Both pictures are of the same guitar, two different cracks in the same top. Both have been glued up. The repair in the picture on the right was done before the guitar ever made it to our bench. The photo on the left shows the repair job that was done in our shop. Yes, there is a crack in that picture,
it runs with the grain from the corner of the tie-block. When it came to us it was about as wide as and visible as the one in the first image. Daylight could be seen from the inside of the guitar with a mirror.
So why such a dramatic difference in the results?
There are a couple of reasons. We put a humidifier inside the guitar and set it aside in its for a couple of days before addressing the crack, this closed it right up. Often it will. The wood expands as it accepts moisture, closing the fracture. And then we clamped the top in place after working glue into the crack, keeping both sides of the crack level with a caul on both the inside and outside of the guitar. You can run your finger across the crack and you will hardly feel a thing. I was hard pressed to find an angle that would show the crack in a picture.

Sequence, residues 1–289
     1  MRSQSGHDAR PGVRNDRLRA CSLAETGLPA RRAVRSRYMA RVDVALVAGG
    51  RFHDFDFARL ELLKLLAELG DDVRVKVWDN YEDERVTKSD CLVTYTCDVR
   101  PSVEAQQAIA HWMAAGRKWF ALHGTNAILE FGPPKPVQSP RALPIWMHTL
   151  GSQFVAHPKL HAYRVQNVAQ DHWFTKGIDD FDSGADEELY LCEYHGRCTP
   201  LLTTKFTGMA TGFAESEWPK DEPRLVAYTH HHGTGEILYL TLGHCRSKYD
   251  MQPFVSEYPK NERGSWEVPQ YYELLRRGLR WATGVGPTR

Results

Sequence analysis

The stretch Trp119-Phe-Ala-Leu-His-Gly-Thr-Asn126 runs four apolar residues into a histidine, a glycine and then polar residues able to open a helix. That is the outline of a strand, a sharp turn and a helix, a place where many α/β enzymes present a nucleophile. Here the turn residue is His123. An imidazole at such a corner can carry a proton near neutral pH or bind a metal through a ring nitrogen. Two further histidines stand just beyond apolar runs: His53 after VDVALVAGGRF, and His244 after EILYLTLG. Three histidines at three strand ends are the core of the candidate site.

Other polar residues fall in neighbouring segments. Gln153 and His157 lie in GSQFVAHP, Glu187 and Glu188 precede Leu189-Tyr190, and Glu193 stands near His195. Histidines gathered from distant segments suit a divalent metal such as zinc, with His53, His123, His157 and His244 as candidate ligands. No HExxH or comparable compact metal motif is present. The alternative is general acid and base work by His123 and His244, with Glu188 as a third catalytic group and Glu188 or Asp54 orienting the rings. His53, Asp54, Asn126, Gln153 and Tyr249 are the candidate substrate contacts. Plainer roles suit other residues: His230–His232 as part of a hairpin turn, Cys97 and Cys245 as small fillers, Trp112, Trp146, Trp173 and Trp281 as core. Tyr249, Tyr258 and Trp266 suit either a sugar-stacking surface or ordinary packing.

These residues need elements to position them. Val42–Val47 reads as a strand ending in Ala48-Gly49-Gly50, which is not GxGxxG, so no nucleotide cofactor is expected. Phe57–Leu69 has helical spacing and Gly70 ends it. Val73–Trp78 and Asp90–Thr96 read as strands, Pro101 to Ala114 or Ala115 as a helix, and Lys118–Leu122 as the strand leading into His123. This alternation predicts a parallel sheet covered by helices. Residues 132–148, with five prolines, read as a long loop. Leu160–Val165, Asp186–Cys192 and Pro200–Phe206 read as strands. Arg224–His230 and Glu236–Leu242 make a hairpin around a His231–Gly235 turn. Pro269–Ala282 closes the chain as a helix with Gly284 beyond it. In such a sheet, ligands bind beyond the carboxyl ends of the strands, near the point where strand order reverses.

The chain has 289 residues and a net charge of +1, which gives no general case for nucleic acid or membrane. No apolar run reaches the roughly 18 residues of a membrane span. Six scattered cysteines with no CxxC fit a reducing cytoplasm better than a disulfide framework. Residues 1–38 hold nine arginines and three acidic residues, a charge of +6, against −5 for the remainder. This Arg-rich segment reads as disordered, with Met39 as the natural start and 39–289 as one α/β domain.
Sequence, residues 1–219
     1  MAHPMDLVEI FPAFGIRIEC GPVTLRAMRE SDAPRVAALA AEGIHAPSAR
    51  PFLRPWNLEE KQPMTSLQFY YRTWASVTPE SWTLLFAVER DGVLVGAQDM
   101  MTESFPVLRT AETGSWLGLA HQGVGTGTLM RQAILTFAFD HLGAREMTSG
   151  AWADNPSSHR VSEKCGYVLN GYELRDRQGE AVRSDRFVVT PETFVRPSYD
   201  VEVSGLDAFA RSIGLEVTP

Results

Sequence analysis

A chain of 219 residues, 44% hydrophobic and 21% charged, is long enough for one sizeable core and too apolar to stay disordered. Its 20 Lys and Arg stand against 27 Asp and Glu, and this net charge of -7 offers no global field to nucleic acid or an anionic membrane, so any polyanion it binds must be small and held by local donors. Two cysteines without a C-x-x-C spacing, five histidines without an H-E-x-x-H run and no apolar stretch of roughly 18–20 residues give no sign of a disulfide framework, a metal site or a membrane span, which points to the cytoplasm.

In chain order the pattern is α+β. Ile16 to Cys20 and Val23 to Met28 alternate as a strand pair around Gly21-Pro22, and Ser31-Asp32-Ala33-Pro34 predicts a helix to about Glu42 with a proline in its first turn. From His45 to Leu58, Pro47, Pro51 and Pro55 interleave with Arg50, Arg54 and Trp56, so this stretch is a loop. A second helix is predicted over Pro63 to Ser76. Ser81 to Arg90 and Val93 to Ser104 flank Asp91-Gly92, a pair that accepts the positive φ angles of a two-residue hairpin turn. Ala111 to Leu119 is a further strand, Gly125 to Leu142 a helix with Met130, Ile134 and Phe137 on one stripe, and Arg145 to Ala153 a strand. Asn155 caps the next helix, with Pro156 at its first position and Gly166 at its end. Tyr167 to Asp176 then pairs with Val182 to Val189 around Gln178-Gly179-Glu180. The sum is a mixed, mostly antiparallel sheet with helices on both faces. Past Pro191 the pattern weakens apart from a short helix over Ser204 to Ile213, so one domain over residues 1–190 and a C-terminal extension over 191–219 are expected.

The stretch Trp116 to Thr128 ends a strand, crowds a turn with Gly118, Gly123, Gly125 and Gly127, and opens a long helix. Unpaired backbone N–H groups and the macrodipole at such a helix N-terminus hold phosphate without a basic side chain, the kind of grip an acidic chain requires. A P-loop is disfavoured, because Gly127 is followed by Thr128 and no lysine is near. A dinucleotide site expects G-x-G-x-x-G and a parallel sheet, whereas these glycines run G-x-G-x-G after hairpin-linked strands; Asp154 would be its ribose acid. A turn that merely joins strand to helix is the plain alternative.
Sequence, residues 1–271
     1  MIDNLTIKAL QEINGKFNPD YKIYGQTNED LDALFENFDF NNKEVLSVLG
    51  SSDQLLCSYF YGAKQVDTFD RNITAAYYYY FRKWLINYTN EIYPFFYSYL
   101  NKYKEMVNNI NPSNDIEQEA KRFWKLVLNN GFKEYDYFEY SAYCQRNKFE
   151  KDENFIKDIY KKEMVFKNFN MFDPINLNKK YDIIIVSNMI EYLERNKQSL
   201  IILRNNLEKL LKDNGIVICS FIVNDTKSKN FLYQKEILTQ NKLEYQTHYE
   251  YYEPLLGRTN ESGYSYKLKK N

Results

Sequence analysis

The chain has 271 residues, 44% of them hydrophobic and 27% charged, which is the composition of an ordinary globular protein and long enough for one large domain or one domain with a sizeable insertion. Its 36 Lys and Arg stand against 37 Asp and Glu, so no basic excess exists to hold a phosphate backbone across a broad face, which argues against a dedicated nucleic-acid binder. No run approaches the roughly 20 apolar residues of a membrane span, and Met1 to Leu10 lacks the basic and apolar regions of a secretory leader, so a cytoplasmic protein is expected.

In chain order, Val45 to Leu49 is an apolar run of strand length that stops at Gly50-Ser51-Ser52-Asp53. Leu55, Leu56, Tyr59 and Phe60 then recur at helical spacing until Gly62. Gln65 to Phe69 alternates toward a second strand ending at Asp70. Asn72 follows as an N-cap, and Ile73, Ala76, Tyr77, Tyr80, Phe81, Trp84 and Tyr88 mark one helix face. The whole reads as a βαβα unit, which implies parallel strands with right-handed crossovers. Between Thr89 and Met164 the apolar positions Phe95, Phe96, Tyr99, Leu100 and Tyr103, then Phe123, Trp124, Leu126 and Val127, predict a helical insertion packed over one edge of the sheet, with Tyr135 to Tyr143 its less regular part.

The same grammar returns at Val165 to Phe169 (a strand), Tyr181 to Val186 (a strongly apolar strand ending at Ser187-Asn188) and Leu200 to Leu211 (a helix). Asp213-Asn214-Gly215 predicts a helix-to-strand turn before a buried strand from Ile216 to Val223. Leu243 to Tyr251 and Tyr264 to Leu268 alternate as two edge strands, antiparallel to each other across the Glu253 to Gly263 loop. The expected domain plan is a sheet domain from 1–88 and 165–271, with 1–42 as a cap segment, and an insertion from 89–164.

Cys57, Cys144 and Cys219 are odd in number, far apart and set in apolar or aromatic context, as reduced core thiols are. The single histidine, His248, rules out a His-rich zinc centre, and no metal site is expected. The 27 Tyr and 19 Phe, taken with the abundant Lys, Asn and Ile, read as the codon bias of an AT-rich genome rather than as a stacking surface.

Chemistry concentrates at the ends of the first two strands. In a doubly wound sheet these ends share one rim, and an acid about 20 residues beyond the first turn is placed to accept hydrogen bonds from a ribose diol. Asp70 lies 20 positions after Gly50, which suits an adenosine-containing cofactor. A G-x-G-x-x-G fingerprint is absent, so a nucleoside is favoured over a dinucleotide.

Clamp and caul system in place. This part is always a bit of a brain workout as every situation is different working around the braces on the inside.
Having a bright light and a thin top helps.
Cleats going into place, magnets work well for locating the cleat and as a clamp